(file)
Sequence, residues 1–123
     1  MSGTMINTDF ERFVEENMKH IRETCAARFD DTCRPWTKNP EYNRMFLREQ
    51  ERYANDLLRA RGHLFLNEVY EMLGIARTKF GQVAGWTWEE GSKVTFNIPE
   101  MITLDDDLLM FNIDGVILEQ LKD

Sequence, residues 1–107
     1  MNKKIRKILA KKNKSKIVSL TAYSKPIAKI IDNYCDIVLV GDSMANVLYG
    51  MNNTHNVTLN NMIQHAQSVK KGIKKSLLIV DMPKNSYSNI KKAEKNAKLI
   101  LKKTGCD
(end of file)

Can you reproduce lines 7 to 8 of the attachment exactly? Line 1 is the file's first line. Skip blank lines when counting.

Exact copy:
    51  MNNTHNVTLN NMIQHAQSVK KGIKKSLLIV DMPKNSYSNI KKAEKNAKLI
   101  LKKTGCD